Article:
Halimah Manan explains why the We-Consent app isn’t good enough. (TW: mentions of rape)
The emergence of We-Consent marks the second time a sexual consent app has been launched in the past year. One of a collection of three apps designed to “open discussion” about sexual consent on university campuses, it claims to advocate for “affirmative consent” between intended sexual partners. While it may appear to be a vital step in expanding the conversation on consent, the reality of the app is highly concerning.
For those who aren’t aware, affirmative consent is the ‘yes-means-yes’ variety of ‘no-means-no’. This emphasises that only a definitive ‘yes’ will suffice for, and can be taken as, consent to sexual relations. In that respect, We-Consent is just another medium through which affirmative consent can be confirmed and highlights the need for it. Joe Jenner, History and Sociology student at the University of Warwick, commended the app: “It’s a good idea and step in the right direction, I think!” He then added: “But it’s no substitute for proper education, or tackling rape culture (especially) in universities.” While the app certainly serves as a reminder about asking for consent before having sex, its benefits stop there.
Screenshot of the We-Consent app homepage. Image: We-Consent LLC / We-Consent app demo
How does it work?
We-Consent works by imploring one of two partners (immediately excluding polyamorous and non-exclusive relationships) to record their name and face as they state their intention to have sexual relations with their partner, using their front-facing camera. Their partner is then recorded on the same phone’s back camera and must clearly consent to sexual relations, or the video is destroyed. A demonstration of the app at work can be seen here.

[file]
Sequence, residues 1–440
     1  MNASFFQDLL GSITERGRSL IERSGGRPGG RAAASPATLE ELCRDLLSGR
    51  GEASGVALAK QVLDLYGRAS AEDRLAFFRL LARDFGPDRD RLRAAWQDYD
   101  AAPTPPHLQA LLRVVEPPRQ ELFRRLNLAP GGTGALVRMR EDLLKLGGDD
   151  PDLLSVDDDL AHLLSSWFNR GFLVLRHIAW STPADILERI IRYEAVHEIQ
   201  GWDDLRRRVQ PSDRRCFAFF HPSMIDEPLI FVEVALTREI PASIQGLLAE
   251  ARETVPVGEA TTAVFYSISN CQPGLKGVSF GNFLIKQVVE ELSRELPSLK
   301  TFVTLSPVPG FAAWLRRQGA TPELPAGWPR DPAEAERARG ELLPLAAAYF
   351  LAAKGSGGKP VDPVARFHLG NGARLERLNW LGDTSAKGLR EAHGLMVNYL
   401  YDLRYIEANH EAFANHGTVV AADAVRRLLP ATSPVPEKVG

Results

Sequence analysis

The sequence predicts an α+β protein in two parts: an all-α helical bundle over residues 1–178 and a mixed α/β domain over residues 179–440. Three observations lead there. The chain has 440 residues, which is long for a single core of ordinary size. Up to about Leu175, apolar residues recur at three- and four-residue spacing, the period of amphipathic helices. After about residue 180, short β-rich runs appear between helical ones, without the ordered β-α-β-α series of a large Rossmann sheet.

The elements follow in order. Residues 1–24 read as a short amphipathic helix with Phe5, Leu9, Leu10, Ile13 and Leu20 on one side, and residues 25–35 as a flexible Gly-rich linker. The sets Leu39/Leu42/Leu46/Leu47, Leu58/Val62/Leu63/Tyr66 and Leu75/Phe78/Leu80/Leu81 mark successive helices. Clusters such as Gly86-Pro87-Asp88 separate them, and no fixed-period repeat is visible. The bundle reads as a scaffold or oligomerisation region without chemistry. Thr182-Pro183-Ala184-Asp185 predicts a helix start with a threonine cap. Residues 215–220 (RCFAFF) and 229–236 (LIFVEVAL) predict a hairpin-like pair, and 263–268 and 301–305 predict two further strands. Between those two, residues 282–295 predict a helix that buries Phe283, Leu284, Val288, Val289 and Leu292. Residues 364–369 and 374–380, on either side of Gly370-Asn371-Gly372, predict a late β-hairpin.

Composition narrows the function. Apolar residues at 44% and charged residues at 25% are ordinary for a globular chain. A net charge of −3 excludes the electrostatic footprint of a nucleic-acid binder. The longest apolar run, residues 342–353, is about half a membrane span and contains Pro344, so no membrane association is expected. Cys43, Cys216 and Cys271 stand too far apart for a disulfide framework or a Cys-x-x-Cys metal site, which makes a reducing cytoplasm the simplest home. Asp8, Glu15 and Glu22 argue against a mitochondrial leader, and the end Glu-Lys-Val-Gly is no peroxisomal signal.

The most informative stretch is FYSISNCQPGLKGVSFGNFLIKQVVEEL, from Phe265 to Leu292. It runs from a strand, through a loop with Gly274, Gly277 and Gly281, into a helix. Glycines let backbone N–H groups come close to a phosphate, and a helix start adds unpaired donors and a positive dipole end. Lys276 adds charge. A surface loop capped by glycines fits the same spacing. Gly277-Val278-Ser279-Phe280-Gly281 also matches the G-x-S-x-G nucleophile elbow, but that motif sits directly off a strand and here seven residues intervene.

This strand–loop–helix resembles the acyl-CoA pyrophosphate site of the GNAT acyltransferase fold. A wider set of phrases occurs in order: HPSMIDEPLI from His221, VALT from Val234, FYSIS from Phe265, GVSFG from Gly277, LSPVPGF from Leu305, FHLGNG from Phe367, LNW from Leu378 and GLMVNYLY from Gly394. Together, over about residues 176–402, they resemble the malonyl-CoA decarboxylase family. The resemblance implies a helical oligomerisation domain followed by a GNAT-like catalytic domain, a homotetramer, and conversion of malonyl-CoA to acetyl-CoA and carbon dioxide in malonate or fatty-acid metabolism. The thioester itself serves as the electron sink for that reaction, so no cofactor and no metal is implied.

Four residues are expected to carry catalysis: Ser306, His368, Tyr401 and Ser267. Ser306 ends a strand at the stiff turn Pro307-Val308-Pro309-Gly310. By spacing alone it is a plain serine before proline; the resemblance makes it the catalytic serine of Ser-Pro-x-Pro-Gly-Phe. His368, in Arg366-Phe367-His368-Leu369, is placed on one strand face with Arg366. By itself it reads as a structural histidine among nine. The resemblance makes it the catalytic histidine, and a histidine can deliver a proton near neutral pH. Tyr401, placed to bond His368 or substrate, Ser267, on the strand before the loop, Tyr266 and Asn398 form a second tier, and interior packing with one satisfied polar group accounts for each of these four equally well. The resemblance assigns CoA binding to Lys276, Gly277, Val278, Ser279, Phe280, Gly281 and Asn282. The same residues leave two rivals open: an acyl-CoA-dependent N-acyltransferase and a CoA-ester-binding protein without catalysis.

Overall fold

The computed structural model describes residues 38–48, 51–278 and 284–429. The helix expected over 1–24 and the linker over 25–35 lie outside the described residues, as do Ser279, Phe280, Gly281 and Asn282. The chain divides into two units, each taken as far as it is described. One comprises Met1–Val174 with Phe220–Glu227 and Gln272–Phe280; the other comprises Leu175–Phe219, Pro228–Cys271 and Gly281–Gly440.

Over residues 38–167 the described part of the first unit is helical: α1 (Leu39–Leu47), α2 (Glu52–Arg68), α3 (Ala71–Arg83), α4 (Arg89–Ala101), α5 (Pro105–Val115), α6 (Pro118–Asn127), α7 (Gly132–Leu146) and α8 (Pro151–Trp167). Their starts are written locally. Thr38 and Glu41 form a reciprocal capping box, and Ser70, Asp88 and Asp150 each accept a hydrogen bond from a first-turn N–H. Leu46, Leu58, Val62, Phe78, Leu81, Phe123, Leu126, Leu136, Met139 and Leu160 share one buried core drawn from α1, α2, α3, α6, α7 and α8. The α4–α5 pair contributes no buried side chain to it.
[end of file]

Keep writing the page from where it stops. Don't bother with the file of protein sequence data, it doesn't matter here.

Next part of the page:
Why would the video be destroyed, you wonder? Well, once your video is created, We-Consent stores an offline encrypted record of your consent for seven years, which is only available to law enforcement or as evidence in a university disciplinary proceeding, by judicial order. That’s right: the app also functions to provide evidence of consent should someone be accused of rape. Isn’t that just presuming the worst and perpetuating the idea that admission of rape is not enough to convict someone?
Furthermore, according to the Independent, Michael Lissack, the app’s creator, claimed his main target audience would be athletes. Although athletic teams and fraternities may well be “mostly involved with scandals”, stating a target audience removes the fact that any and all sexually-active people can be perpetrators of rape and stigmatises athletes. As well as this, not all rape cases occur within committed relationships, though the app is effective in highlighting that rape can ‘unknowingly’ occur by overlooking clear consent; friends could rape other friends. By marketing the app specifically to couples, this is ignored.
Video: Michael Lissack / YouTube
But the most disturbing part is this: on We-Consent LLC’s about page, its definition of “affirmative consent” emphasises “mutual consent” but also hastens to add that “reevaluating meaning [after sex] does not mean retroactively withdrawing consent.”
Are alarm bells ringing, yet?
We-Consent essentially works as a one-off occurrence of consent, which could easily be used as evidence to suggest that someone had consented to sex in a court of law. But consent is not a blanket statement. It is not a lifetime ticket to sex, however, wherever and whenever you want. Each time people have sex, they must ask for consent. And this app hardly accommodates that a ‘yes’ just before sex does not guarantee consenting to follow through with sex completely; not to mention that few people are likely to get their phone out to document each ‘yes’ in the heat of the moment, a criticism levelled at its predecessor, Good2Go.